For the curious traveller, the journey into Laos is a rewarding and fantastic experience. Part of what was known as Indo-China, the collective name for the former French Territories in the region. Whilst Vietnam and Cambodia were prized possesions, Laos was seen more as “buffer” value against invasion. It remains one of the less developed (and least populated) countries in south east Asia. Laos is a hidden gem, with a less frantic pace than all of its neighbours. It might lack the infrastructure of commercialised tourism but that makes it all the more appealing. Development is gradually coming, with more small hotels opening, but it has to be on terms that satisfy the Lao people. Of all the countries in the region, it is the least openly commercial and interested in western style consumerism. It has a delightful serene, totally laid back style, with Buddhism dominating every aspect of day to day life.
Lombok is a neighbouring island to Bali. Equally scenic, with maybe even better beaches, Lombok is a much quieter, less developed alternative.
Malaysia is one of the most fascinating countries in the region with a rich diversity of cultures, scenery and resort variety. Peninsula Malaysia stretches down from the border with Thailand in the north through to Singapore in the south. On the separate island of Borneo you have the states of Sarawak and Sabah. Flying time from UK is approx. 12 hours to Kuala Lumpur (known as KL). Onward travel to Penang or Langkawi is one hour, two hours to Kota Kinabalu, Sabah and Kuching, Sarawak.
Mandalay is the second largest city in Burma, with a population of 1.5 million. It is the religious and cultural centre of the country, with a sky line of glittering pagodas and temples, with equally impressive whitewashed stupas. Much more conservative, spiritual and slower paced than Yangon. Much of the colonial heritage was destroyed during the 2nd World War, and further obliterated by several fires that ravaged the city. However many of the religious sites remained wonderfully intact. The downtown area is modern, highly influenced by the many Chinese residents who have made Mandalay home.
Be it chillout retreats, island escapism or developed resorts, Peninsular Malaysia has so much choice. We cover Penang, Langkawi and Tioman Island.
Phuket Thailand is the most developed of the resort islands in the south of Thailand, one hour flight from Bangkok. Good infrastructure, with many top class hotels and restaurants, and tourist attractions both on land and at sea.
Sabah and Sarawak offer authentic eco-adventures, monkeys and fireflies, numerous indigenous jungle tribes and superb beaches.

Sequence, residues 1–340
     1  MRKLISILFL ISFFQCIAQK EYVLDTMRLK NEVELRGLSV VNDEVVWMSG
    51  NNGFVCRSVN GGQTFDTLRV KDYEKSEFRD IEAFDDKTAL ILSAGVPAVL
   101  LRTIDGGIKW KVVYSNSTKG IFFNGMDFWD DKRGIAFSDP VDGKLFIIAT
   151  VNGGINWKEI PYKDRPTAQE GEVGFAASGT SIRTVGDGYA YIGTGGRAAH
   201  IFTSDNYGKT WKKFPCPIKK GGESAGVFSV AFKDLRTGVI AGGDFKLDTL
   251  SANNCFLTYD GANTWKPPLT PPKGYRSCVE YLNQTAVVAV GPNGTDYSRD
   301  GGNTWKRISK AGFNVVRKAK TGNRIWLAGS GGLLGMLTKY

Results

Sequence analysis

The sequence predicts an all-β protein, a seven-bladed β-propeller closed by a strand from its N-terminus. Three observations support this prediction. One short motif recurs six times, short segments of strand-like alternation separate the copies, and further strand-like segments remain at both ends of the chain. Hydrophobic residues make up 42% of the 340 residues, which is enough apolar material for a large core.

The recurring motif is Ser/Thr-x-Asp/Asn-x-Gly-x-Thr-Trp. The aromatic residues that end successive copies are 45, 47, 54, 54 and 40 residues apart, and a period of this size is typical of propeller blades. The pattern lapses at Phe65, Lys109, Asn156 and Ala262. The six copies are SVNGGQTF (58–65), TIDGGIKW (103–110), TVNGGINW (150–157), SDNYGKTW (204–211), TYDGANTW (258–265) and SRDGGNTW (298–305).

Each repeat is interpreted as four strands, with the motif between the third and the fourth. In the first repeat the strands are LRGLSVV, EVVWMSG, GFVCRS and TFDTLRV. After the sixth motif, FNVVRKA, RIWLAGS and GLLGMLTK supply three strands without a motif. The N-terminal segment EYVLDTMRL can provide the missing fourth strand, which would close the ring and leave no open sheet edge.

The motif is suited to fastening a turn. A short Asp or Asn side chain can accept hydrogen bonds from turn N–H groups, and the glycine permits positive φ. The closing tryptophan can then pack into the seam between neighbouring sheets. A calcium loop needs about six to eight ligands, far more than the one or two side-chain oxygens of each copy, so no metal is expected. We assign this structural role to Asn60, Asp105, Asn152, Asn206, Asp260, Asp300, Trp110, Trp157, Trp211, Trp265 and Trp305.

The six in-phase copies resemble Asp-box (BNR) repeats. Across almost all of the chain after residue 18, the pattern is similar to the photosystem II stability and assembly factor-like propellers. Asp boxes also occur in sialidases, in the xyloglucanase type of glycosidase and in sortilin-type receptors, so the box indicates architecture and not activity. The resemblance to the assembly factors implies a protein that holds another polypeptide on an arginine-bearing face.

Singapore offers a fantastic selection of restaurants and night-life, as well as parks, museums, and on Sentosa Island, beaches.
The skyline is maybe more North American at first glance, but like Hong Kong, go below the obvious and it has some traditional busy little street markets that offer a perfect contrast to the numerous shopping malls. In our view the very best introduction to the region for the first time Asia traveller. Plan to spend at least 2 clear days as there is so much to see.
Thailand is probably the most exotic country in South East Asia, with a rich diversity of cultures and attractions. Superb beach resort islands in the south, misty mountains and fast flowing rivers in the north. Vibrant cities such as the lively capital Bangkok and the equally emotive Chiang Mai. Flying time from London to Bangkok is 12 hours, and from there to most of the resorts another 60 minutes. Bangkok is also the most obvious gateway for onward travel to Vietnam, Cambodia and Laos
Located on the west coast of the Gulf of Siam, just over 2 hours drive south of Bangkok. For years they have been the aspirational centre for affluent Thai families who have holiday homes in the area. The two resorts run into each other along the coast, with Hua Hin the more developed with many hotels and in particular high rise condominiums.
Indochina is the collective name for Laos, Cambodia and Vietnam, the former French territories in the region. Despite huge changes in the last decade, the French influence still remains in majestic colonial buildings, the art scene and of course the food.
Vietnam in particular is a baguettes and noodles country, and at times you seem to sense the entire history of the country in the bowl of food in front of you. Vietnam is also the country that is developing fast with many new hotels and resorts, most attractive, others not quite – but it still remains a totally enthralling place to visit. Cambodia is home to Siem Reap, where you find the incredible ruins of Angkor, an absolute must of any tour of this region. Laos is the least developed of the three, with Luang Prabang being one of the most charming towns, with its hundreds of monks emerging through the mist every morning. Absolutely magical.
Yangon is the commercial heart of the country and the largest city, with a population of 6 million. Formerly known as Rangoon, the city still has some of the most impressive old buildings from the British Colonial rule to be found in South East Asia, along with large parks and lakes. Yangon is probably the most diverse city in Myanmar, often reflected in the places of worship. Buddhist and Hindu temples, Mosques, Catholic and Anglican churches, and even a small synagogue.